If there is a hard, high wall and an egg that breaks against it, no matter how right the wall or how wrong the egg, I will stand on the side of the egg. Why? Because each of us is an egg, a unique soul enclosed in a fragile egg. Each of us is confronting a high wall. The high wall is the system which forces us to do the things we would not ordinarily see fit to do as individuals . . . We are all human beings, individuals, fragile eggs. We have no hope against the wall: it’s too high, too dark, too cold. To fight the wall, we must join our souls together for warmth, strength. We must not let the system control us — create who we are. It is we who created the system.So, that was part of the Japanese novelist, Haruki Murakami’s acceptance speech, for the Jerusalem Prize back in 2009. And I’m John Fanning and this is the Create with John Fanning podcast. How’s it goin. Howy’re yis all doing out there? Hope you’re all doing well. So, this is Episode 3 of my series of episodes on creativity, based around my book Create. First off, thank you for all the positive feedback to the first two shows. I really appreciate it and to all of you who’ve starting supporting the podcast on Patreon, thanks so much. I’m very grateful. However, some of you, many of you creators I really trust told me: 1. The intro should have been half the length, and that the second episode should have been two episodes, one on creativity, and then the next on what is a creator. Then 2. You said I need to spell people’s names out as this form is the spoken word and not everyone is going to go to my website to look at the links and correct spelling of the individual I’m talking about. And I will. Fair point. And I’d never even thought of it. So, sorry about all that. I was actually going to take down the episodes and do them again. I researched for hours how to do it technically until my wife Kerry told me to just leave them there, saying they’re an example of creativity, that it’s messy, that you have to learn from your mistakes and grow as you go. Also, people only ever look at the last thing you did, the last ten episodes, the last book, movie, so the first 2 will get buried she said by my tenacity to keep putting out episodes. So, this episode, and every one after it is going to be under 30 mins, accept for interviews later on. Last time I said I’d get into family, friends and villains, but that’ll bring me over the 30 min mark, so today I want to talk generally about Walls, as the next 10 episodes at least are going to be about Walls away from creativity, before I move onto Doors towards creativity. And I want to start with an anecdote, about when I left Europe for the first time, to come to the States. My first apartment in America was out in Brooklyn, after sleeping on the floors of other Irish immigrants in Sunnyside, Queens. They had warned me, whatever you do, don’t live in Brooklyn. A month later, I was living in a railroad apartment beside a scrapyard, with a drug dealer and his immense bulldog on the bottom floor, and a huge Puerto Rican family upstairs who practiced Santeria, a lot, judging by the amount of dancing and singing going on up there. The one conversation I had with the father of the family consisted of references to “orishas”, possession by spirits, and Catholic saints. One day I came home from work to find my Irish friends waiting for me on the stoop. They’d cycled from Sunnyside to “surprise” me. They looked worried. I invited them upstairs. The bulldog hurled himself against the backyard door when we entered the building. They’d already met the owner outside. He’d asked them if they needed “some”, cocaine that is. When I unlocked the door to my apartment we could see the bulldog barking at us in the backyard. Why? There was no wall in my kitchen. I found out later the family upstairs had “forgotten” to switch off the water in their bath and it had seeped into my wall, necessitating the removal of all the sheetrock by the tattooed “employees” of the slumlord while I was at work. All my friends’ worst fears had become manifest. They looked around the apartment in horror. Besides my bicycle and some clothes, my only furniture was a mattress on the floor in the “bedroom”. One of them never talked to me again. Every one of these things should have been a wall to me moving out of Sunnyside. Like my friends, a lot of Irish immigrants move all the way from Ireland to America and hardly ever leave the four walls of Irish communities like Sunnyside. The guy who never talked to me again had worked for the MTA for ten years, but had never been to Manhattan. There I was enacting the parable of the lost black sheep again, leaving my people behind, taking the leap out of the enclosure. I landed in the right place, a now defunct cafe in the then vibrant, edgy and still affordable East Village. In that coffee shop, I met my real “people”, creators living on the cheap, well, by New York standards. Again, as with Camden Town in London, they were doing whatever they had to to keep creating. My willingness to step outside the walls of Sunnyside and embrace America, honor the culture I was in, led to me meeting so many of the New York creators I still love. I would never have met any of these poets, screenwriters, musicians, artists, eccentrics, students, film editors, designers and photographers if I’d not left behind the protective, safe walls of my own culture. So by embracing a new culture, a new group of people, other creators, I felt more at home. Actually one of those creators, an American screenwriter, one I met all those years ago in that coffee shop in the East Village, once asked me this question while on retreat: “Why have you built a wall about doing this non-fiction book, John?” “Well, because I write novels.” “I write screenplays,” she said. “And I paint. And I knit. And I tango. Should I stop painting, knitting and dancing because I’m a screenwriter?” She had me, pardon the pun, up against a wall. About a week later she said to me, “You know, there are about as many walls to creation, as there are leaves in that forest.” Artists, writers, actors, inventors, academics, are no different from every one else. We’re all different, but we all have one thing in common: Walls. All creators suffer. At times they can’t create. They make mistakes. They have off days. Walls. What do they do? They accept they’re having an off day, what someone once called an inspiring dry patch, and keep working anyway. They know the off day is a wall, and that it will eventually disappear. And the wall of walls? Fear. We all have it. It’s insidious. I have it. I’ve known many very successful creators. They have it too. Their fears are the same as mine, as yours. It goes something like this: “I’ve nothing new to say,” or: “It’s all been done, written, directed, created before,” or: “Even when I get it done, it’s going to be sht. People will pretend it’s good, when they really think it’s sht. Even I will think it’s sh*t, because I’ll never be able to create it the way I envisioned it.” It all leads to the same thing, you hit a wall, and the wall has this written on it:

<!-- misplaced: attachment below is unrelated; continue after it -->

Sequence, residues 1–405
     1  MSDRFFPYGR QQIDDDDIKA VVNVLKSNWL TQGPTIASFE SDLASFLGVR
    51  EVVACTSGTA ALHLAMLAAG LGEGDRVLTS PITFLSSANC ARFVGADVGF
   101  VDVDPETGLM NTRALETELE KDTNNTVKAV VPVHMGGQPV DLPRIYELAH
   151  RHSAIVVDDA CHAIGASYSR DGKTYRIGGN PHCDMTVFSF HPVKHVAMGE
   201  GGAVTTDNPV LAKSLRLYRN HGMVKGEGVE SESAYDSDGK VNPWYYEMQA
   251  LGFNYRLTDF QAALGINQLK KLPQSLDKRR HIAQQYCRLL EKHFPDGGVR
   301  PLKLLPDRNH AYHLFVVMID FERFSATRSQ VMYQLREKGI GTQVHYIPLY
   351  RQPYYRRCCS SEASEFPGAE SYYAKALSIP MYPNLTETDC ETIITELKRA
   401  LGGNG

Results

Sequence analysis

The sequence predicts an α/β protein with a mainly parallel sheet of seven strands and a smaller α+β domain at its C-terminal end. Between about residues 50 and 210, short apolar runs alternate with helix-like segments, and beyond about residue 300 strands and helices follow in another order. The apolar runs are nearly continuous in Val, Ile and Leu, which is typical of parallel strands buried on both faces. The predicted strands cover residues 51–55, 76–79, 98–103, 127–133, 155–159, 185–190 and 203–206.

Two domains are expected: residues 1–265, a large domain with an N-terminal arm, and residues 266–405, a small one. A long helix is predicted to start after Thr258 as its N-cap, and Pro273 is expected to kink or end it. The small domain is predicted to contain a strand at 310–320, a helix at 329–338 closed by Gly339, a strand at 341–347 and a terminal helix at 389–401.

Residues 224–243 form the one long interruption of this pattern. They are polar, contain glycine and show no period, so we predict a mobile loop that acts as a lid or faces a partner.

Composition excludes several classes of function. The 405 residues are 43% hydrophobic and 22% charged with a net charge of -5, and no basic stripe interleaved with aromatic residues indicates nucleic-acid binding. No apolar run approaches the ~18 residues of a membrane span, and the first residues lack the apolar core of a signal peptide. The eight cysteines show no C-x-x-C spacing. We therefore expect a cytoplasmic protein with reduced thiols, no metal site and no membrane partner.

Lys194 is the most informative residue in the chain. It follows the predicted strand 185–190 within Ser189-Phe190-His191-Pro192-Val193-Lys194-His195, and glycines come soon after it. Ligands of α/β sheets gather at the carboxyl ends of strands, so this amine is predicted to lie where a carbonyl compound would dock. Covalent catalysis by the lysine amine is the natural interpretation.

Don’t do it! Give up!Anything that says, in the end, don’t do it, is the ego, the mind, and the mind/ego creates fear. It creeps in, everywhere, every time as you’re about to create something. Maria Callas would sink her nails into the arms of whomever was there before she went on stage to sing. She was terrified. She was the greatest opera singer in the world, and she still thought she’d get found out, that she wasn’t good enough, that her voice would fail, that she wouldn’t be able to give it her best, that people would laugh at her. Even Callas had imposter syndrome. The answer? You do what you love, you sing anyway. You live passionately. You create anyway, knowing fear is simply part of the process. Rodin would do thousands of sketches before starting a sculpture. You could say he was blocked, that he was creating a wall, or, you could see it like he saw it, as waiting, preparing for the right moment, the right movement to sculpt. Like Rodin you have to wait for the solution to come, naturally. And the only way to receive a solution is to be there. Keep on taking notes, sketching, planting seeds. Walls are a natural part of the process. You have to accept them, and begin again. They fall away with confidence. You allow your mind/ego to tire itself out, by having the faith to accept that every wall falls, with time. So thanks for listening. I started with a quote from a Japanese but as I did last time, I’m going to end this episode with an Irish proverb. This one literally means: Walls need spalls as well as large stones.
Fóireann spallaí do bhallaí chomh maith le clocha móra.A spall’s a small bit or chip of a stone, that you get when you split a larger stone. A good mason can create any chip size they like with the right hit of a hammer, to fit into a hole, or hold up a bigger rock. The word comes from the Old German word spell, which means to split. Course this would’ve been important in Ireland centuries ago because they didn’t have cement to keep things together. So it takes all kinds to make a wall, and a balanced wall, if we look at walls from a holistic perspective, as are the ones that allow for the big things as well as the small things in life. One balances the other. Sometimes the little things, the spalls, are what keep us balanced. This podcast is supported by you the listener via my Patreon page. If ya want to support the podcast and help me get a wage for doing it, because that’s how I see this podcast as a job, one I love doing, then please head over to patreon.com/johnfanning where you can get early and ad free access as well as extra episodes when ya sign up. Ifya can afford it then give me the cost of a price of a cup of tea or pint once a month. Ifya can’t afford it that’s grand too, ya can listen for free, but please leave a review on itunes or wherever ya listen to it and let your friends know about it so the listenership grows. Thank you! And thanks for listening. If you’re looking for more episodes you can find them on all the usual places like iTunes – or on my website at johnfanning.me under “podcast” where I’ve put up overview transcripts with links to all the people and ideas I mention. If you’re into social stuff and you’re looking to engage with me one-on-one, check me out on twitter @fanning_j and instagram @johnfanning_. It’s been great sharing stuff with you today so until next time take care out there and be benevolent when you can! Slán libh agus go n-éirí an bóthar libh.